Printer Friendly

Serbian/Yugoslav military handgun cartridges.


The Kingdom of Serbia was established in 1878 when the indigenous peoples threw off the centuries-old yoke of the Ottoman Empire. Realizing that their position between the competing giants of Austria-Hungary and Turkey could only be insured by a strong army, the Serbs set about creating one of the most patriotic and well-equipped forces in Eastern Europe.

While originally equipped with ex-Turkish and Austrian handguns, in the late 1880s the Serbs began standardizing on modern weapons. As did many armies around the world, when they began to look for a handgun they approached the Belgian firm of Fabrique d'Armes Emile et Leon Nagant, from which they purchased 12,000 revolvers. The Serbian Revolver M,91 was very similar to 7.5mm Nagant revolvers adopted by Sweden, Norway and Luxembourg.

* Metak za Revolver Nagan of a straight-walled, rimmed case 22mm long loaded with a 104-grain paper-patched lead bullet that a charge of blackpowder pushed to 725 fps. Very few Serbian Model 1891 revolvers survived the Great War. (1)

During the early months of World War I, the Serbs repeatedly defeated the Austrian army and large .numbers of small arms were captured including the Gasser M. 1870, M. 1882 and M.98 revolvers.

* 11mm M.1870 scharfe Revolver-Patrone--utilized a slightly bottlenecked 36mm, rimmed case containing a heavy 278-grain lead bullet that 22 grains of blackpowder propelled to a velocity of 525 fps.

* 11mm M.1882 scharfe Revolver-Patrone--the M.82 revolver utilized a shorter, 29.5mm case loaded with the same weight bullet and powder charge, producing very similar ballistics.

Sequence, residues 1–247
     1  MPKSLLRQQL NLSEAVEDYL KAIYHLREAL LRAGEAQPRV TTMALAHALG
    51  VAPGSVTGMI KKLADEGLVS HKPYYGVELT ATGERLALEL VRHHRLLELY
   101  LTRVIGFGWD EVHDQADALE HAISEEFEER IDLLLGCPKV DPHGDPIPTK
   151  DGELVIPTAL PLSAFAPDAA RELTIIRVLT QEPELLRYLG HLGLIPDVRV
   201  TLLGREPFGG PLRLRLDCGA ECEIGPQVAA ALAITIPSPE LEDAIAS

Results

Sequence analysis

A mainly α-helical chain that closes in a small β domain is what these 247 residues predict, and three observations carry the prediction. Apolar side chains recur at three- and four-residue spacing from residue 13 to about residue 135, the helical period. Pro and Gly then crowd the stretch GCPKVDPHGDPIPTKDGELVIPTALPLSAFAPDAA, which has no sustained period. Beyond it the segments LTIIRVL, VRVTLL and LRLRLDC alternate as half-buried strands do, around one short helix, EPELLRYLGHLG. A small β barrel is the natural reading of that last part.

* 8mm Revolver scharfe Patrone M.98--developed for the Austrian army and police in the late 1890s, the Rast & Gasser Armeerevolver M.1898 was a solid-frame, eightshot design. Its cartridge featured a straight, rimmed case 27mm with a 121-grain FMJ bullet that a charge of smokeless powder pushed to 785 fps.




The Serbs also made use of a number of Roth-Sauer and Steyr pistols they captured from their Austrian foes.

* 8mm Repetierpistole scharfe Patrone M.7--in 1908 Austria-Hungary took the Roth-Sauer (a.k.a. RothSteyr) Repetierpistole M.7 into service, the first time that a major military power had approved a semiauto handgun. Its cartridge featured a straight rimless case 18.5mm long loaded with a 114-grain FMJ bullet at a velocity of 1045 fps.

* 9mm Repetierpistole scharfe Patrone M.12--designed around 1910 by Sellier & Bellot for the Steyr Repetierpistole M.12. It utilized a straight-walled, rimless case 23mm long loaded with a 116-grain FMJ bullet that achieved a velocity of 1115 fps. The Steyr M.12 was the standard pistol of Austria-Hungary during World War I and was also used by Chile, Bulgaria, Rumania and Bavaria.

While Austria-Hungary conquered Serbia in 1915, a large part of the Serbian army escaped to join the Allies. They were reequipped with French weapons, among which were numbers of Revolver d'Ordnance Mle. 1892 and so-called "Ruby" automatic pistols chambered for the 7.65mm Browning.